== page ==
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Membrane Filtration Rules Biofuels

Membrane filtration technology improves biofuel processes by saving both costs and water.

Membrane filtration technology, a tried and proven method used in many industrial process streams, is now being adopted in biofuels production. In particular, membrane filtration shows promise in improving second-generation cellulosic ethanol processes. Operators of second-generation processes seek to optimize fuel recovery and secondary products from feedstock. In addition, these operators want to obtain a better value fuel than first-generation processes, which focus exclusively on fuel production and simply dispose of everything else as waste or animal feed material.

Koch membrane filtration technology

Koch Membrane Systems’ reverse osmosis system reduces operating costs.

Membranes are highly engineered physical barriers used in processes for liquid/liquid and liquid/solid separation. They permit the passage of materials up to a certain size, shape or character.

Membrane filtration has been used extensively in industry for years. For example, use is rising in biodiesel processes in which membranes facilitate water reuse, especially in areas where water is scarce. Membrane technology also shows promise for making organic acids, commonly used as the base for a variety of new biodegradable plastics. So-called integrated biorefineries are additionally using various membrane technologies, including microfiltration, ultrafiltration, nanofiltration and reverse osmosis. Particular attention is being paid to using membrane filtration techniques that facilitate continuous, rather than batch, fermentation.

Makers of second-generation cellulosic ethanol are taking corn stover (cobs and other agricultural waste products), and using enzymes and acid/alkali to extract fermentable material, then converting cellulose to sugars, which are being fermented to produce alcohol. During the process, they incorporate several membrane filtration techniques to improve recovery, reduce waste and lower energy costs.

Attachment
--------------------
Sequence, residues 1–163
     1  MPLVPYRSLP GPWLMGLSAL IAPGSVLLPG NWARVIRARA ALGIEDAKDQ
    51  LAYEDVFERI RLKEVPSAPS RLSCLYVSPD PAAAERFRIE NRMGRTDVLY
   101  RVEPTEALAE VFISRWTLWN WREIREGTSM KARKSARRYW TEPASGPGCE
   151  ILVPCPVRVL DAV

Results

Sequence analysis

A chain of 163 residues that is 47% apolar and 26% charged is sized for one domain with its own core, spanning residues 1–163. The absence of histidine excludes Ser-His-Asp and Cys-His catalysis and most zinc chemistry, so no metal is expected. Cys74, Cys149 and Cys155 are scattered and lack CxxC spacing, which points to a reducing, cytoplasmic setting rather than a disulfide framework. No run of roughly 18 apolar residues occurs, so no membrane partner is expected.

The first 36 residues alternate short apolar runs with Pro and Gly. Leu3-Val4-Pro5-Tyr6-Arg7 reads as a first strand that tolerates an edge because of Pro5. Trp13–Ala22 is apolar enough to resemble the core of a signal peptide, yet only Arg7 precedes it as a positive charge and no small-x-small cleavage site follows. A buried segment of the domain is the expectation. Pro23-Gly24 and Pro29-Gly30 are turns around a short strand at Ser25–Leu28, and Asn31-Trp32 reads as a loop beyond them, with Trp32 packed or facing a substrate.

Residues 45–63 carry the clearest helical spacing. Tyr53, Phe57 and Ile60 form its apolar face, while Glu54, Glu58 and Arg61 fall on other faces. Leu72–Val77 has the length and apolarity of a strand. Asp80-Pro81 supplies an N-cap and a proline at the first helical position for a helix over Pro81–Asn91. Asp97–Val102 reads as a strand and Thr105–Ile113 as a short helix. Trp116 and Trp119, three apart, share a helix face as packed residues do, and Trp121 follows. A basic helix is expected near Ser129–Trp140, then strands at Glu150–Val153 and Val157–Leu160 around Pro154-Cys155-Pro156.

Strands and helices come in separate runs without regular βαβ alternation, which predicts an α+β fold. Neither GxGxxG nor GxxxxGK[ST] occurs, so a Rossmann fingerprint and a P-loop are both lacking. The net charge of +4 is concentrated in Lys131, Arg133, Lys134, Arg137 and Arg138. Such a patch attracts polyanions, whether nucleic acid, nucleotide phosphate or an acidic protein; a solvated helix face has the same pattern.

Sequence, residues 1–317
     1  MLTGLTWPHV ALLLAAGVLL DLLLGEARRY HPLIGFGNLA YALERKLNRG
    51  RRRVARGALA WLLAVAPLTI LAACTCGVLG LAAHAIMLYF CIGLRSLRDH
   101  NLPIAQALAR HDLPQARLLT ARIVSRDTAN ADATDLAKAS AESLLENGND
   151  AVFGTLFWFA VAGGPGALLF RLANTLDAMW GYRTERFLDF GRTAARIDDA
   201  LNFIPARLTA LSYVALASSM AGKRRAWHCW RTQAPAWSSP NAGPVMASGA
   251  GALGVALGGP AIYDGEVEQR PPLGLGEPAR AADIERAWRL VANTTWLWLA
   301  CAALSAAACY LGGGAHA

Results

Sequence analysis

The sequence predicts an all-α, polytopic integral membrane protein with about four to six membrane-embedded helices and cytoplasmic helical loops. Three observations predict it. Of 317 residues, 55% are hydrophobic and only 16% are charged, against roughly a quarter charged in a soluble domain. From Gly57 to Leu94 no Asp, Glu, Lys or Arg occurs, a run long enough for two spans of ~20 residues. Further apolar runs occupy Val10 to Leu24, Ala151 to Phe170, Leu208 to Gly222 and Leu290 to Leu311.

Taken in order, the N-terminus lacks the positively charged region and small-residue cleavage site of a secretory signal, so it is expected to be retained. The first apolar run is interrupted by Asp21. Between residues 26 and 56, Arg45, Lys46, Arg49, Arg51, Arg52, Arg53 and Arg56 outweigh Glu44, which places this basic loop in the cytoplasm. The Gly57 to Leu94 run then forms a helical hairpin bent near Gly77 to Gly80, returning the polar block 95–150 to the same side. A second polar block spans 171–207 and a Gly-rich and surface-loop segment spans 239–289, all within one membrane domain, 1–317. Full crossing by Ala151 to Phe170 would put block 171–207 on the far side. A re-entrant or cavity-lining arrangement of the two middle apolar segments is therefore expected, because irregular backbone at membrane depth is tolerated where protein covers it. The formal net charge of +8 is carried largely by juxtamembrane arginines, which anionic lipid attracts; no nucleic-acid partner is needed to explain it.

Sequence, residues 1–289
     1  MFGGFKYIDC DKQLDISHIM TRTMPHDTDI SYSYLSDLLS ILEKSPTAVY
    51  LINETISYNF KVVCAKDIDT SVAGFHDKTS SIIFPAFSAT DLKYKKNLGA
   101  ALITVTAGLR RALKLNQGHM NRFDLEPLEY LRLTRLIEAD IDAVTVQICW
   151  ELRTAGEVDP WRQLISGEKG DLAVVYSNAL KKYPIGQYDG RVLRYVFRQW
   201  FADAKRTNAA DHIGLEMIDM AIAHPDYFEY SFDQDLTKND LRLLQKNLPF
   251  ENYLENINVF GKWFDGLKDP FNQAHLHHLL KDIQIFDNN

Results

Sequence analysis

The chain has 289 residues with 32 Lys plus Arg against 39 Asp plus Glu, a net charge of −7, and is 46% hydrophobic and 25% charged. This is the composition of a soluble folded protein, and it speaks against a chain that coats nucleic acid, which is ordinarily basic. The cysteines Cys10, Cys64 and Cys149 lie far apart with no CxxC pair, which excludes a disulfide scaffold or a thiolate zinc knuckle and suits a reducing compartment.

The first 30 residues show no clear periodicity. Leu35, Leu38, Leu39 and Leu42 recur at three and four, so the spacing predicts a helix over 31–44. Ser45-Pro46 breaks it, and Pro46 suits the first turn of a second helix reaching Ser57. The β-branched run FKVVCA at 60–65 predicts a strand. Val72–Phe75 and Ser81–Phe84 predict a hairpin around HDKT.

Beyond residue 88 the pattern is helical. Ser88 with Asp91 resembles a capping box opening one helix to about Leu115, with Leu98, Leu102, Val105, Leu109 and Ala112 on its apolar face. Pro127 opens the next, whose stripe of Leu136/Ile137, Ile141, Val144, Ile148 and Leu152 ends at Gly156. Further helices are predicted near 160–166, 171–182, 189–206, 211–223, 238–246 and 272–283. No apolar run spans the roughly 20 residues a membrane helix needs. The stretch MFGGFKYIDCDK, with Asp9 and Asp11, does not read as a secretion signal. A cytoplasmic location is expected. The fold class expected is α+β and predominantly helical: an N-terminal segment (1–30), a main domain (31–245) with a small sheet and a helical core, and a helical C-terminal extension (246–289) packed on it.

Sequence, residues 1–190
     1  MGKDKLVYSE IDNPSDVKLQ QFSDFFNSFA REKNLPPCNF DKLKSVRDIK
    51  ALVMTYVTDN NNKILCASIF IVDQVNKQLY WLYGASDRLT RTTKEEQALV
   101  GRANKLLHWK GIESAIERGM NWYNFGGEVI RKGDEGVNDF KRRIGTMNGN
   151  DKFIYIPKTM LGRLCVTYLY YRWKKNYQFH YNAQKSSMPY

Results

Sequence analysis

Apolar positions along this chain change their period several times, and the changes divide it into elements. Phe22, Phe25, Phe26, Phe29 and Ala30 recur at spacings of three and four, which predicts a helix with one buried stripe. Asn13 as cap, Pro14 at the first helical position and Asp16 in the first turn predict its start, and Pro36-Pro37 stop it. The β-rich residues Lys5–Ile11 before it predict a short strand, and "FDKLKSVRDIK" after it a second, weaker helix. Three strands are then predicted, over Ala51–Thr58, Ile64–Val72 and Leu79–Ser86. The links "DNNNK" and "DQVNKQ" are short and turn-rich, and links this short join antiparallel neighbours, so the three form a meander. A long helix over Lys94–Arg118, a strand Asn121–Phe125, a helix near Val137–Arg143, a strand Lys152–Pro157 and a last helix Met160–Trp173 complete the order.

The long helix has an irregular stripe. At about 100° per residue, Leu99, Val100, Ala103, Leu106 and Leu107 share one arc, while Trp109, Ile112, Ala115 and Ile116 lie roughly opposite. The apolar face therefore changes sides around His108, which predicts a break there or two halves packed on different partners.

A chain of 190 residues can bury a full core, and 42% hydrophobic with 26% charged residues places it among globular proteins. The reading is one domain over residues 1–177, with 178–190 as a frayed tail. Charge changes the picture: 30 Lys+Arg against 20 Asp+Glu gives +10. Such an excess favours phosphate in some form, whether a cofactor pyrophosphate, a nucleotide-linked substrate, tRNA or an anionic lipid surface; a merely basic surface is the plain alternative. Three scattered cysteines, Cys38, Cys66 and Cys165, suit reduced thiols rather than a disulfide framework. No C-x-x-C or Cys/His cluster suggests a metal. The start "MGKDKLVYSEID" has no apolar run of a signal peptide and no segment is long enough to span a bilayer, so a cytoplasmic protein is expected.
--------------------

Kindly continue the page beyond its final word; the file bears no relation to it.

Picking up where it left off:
Because first-generation bioethanol facilities were focused on producing fuel rather than optimizing fuel recovery, there was very little use of or demand for membranes. With second-generation cellulosic bioethanol, a tremendous amount of work is going into using membrane filtration. For example, ultrafiltration is used for clarifying the process stream after turning feedstock into sugars during the saccharification process.

Some processes use acid/alkali, and nanofiltration can be used to recover and concentrate some of the useful sugars like hemi-cellulose, which also is used in the fermentation process. Reverse osmosis recovers high-quality water for reuse. Membrane filtration is also used for making organic acids as the base material for biodegradable plastic.

Membranes are being used in continuous and batch fermentation to produce biofuels, and organic and amino acids, using mesophilic and thermophilic organisms. In general:

  • Ultrafiltration and microfiltration are used for biomass retention, or fermentation broth clarification and product purification.